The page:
September 5, 2017
he art of cartooning has a long, rich history. Benjamin Franklin drew and published the first political cartoon—the famous cut-up snake with the immortal words, “Join, or Die”—in a 1754 edition of the Pennsylvania Gazette, while Richard F. Outcault’s “The Yellow Kid” (1895-1898) was one of the first daily comics. Newspaper comics and political cartoons have remained popular, but sports cartoons, equally venerable, have not.
Most major newspapers used to have a sports cartoonist on staff. In 2012, the New York Times’s Richard Sandomir noted that the “newsroom denizens and deadline artists who churned out five or six cartoons a week, blended the skills of a caricaturist and the mind-set of a columnist.” The final products were amusing and informative, but not critical. Unfortunately, “long before the recent contraction in the newspaper industry,” wrote Sandomir, “editors began to view sports cartoonists as vestiges of a bygone era and as budgetary luxuries.” Their numbers rapidly dwindled, and sports cartooning is today regarded as a “nearly extinct newspaper art.”
That said, small glimmers of light remain. One of the last, great sports cartoonists is 95-year-old Murray Olderman. Long since retired, he continues to release the occasional book collection of previous drawings. His most recent work, The Draw of Sport, examines an incredible, six-decade career.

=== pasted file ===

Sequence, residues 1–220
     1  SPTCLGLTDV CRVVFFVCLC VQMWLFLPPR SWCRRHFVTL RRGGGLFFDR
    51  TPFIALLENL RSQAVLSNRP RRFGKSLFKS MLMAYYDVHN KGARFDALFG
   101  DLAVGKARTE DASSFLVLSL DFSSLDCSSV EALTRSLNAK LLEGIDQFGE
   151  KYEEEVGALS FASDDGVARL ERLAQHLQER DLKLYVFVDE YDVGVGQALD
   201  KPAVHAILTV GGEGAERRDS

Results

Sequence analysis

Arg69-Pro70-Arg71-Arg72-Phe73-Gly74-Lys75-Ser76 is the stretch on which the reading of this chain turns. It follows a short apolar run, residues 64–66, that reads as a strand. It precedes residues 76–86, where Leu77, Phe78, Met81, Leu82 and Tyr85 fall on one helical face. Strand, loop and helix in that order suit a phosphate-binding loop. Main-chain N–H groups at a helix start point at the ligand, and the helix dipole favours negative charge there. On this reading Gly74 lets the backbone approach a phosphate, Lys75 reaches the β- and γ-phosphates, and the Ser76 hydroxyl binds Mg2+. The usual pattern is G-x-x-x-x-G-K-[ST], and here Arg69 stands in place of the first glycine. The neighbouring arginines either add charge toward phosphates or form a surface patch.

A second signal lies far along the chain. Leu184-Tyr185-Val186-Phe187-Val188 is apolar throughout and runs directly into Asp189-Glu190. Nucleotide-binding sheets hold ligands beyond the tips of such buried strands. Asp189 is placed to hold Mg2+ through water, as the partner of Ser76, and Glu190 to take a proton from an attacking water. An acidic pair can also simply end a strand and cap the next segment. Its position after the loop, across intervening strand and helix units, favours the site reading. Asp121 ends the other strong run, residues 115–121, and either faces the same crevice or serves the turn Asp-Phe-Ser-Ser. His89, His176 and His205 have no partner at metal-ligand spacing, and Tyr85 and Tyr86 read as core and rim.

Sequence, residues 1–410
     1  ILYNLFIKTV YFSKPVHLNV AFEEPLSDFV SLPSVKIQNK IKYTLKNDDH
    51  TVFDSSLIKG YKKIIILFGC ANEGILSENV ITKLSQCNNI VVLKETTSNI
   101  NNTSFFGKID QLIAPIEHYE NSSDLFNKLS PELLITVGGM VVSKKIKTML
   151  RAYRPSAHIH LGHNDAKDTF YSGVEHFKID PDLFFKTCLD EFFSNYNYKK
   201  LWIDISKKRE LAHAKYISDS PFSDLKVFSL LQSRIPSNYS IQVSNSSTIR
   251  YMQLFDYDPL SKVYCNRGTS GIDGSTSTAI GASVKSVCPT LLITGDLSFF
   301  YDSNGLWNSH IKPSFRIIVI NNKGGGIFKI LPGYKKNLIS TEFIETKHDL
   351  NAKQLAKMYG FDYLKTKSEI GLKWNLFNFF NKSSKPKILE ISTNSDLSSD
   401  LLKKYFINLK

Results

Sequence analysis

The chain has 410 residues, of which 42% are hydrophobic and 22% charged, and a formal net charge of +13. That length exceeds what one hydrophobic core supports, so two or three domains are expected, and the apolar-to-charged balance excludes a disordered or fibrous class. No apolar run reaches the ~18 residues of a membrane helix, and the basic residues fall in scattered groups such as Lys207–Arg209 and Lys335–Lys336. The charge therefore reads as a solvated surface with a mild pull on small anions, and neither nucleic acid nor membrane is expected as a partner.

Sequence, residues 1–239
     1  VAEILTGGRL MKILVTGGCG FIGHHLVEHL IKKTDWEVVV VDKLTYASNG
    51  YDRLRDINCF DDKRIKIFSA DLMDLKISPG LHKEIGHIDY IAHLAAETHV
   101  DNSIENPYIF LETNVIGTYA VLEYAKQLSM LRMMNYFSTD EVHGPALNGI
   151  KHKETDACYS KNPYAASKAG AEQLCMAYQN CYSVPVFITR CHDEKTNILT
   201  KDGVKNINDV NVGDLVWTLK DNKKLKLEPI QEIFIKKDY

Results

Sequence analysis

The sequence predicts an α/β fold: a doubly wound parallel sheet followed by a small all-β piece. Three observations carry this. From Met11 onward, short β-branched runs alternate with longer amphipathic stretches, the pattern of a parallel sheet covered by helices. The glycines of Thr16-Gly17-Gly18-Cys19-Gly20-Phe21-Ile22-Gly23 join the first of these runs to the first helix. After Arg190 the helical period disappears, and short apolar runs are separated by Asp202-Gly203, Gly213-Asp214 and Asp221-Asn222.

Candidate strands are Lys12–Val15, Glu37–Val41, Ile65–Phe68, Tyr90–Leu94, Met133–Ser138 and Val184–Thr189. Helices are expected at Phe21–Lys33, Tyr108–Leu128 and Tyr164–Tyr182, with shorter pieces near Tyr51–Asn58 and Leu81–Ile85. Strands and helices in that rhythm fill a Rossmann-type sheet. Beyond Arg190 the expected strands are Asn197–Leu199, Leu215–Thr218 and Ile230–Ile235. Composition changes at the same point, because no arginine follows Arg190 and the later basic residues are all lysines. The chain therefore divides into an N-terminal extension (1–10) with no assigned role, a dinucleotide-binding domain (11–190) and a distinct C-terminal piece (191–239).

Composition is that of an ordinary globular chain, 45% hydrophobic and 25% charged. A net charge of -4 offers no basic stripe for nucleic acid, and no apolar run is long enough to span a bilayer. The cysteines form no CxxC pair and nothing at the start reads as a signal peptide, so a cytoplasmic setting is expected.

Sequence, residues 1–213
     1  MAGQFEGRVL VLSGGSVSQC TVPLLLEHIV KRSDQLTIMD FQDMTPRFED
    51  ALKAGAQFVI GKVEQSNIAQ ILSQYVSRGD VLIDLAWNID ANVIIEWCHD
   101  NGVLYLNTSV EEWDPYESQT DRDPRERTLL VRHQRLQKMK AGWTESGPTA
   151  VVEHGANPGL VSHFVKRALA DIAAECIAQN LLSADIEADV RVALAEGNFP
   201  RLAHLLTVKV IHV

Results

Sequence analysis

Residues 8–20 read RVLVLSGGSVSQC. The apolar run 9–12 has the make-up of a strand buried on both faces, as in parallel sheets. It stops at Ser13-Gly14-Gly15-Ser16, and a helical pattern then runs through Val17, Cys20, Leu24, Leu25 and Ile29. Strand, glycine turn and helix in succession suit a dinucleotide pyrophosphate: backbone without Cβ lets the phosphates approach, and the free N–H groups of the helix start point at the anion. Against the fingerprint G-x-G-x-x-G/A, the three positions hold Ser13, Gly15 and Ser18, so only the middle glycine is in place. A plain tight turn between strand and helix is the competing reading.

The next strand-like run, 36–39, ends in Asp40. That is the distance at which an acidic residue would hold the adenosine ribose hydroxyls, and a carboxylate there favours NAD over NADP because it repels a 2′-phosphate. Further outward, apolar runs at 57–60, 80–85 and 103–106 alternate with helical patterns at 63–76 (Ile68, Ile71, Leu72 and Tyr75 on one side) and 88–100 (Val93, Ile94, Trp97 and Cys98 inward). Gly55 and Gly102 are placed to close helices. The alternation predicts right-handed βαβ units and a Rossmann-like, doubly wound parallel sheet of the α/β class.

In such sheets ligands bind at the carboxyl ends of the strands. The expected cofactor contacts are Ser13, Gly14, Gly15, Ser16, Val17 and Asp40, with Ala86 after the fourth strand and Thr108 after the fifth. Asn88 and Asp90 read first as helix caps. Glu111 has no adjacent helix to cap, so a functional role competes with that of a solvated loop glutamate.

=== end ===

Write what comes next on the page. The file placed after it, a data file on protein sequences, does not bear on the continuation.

Olderman’s first exposure to sports cartooning came during the Great Depression. Each night, his father would gather up “the New York newspapers left on the seats by the other riders and bring them to me to pour over.” Depression-era New York had twelve dailies, “and every one of them, except the very august Times and the almost-august Herald-Tribune, had a sports cartoonist whose work was prominently displayed on the first page of the sports section, which I turned to immediately.”
He idolized the industry’s legends: Willard Mullin’s “sprawling pen-action figures,” Burris Jenkins Jr.’s “dramatic realism” and “flowing drawings,” and Tom Paprocki’s “precise portraits surrounded by goomies [little sketches].” To improve, Olderman tried “to emulate them in my naive way.” Some of his early work appeared in Nyack’s Journal-News, the Chicago Daily News, and various college publications.
In 1947 Olderman was offered his first job as a sports cartoonist, feature writer, and sports reporter for three McClatchey newspapers, including the Sacramento Bee. For these services, he received “sixty dollars a week, which was twenty dollars more than I was offered by the Des Moines Register.”
And so it began.
His first published cartoon was of Eddie Fitz Gerald, a catcher for the Pacific Coast League’s Sacramento Solons. It’s not a drawing he remembers proudly: “I cringe as I look at the drawing.”
I had a facility for rendering the main figure, using a photograph as my guide. The rest of the art, created out of my head, is substandard, with no flow, sense of anatomy, or the drape of clothing, and the design is terrible. I had much to learn about cartooning and developing a style.
With the help of colleagues like staff artists Courtney Alderson and Newton Pratt, he did just that. Eleanor McClatchey, the youngest daughter of the papers’ founder, also played a role by asking him to create some cartoons of California’s historical figures, which she “bound in a booklet that was distributed to school systems.”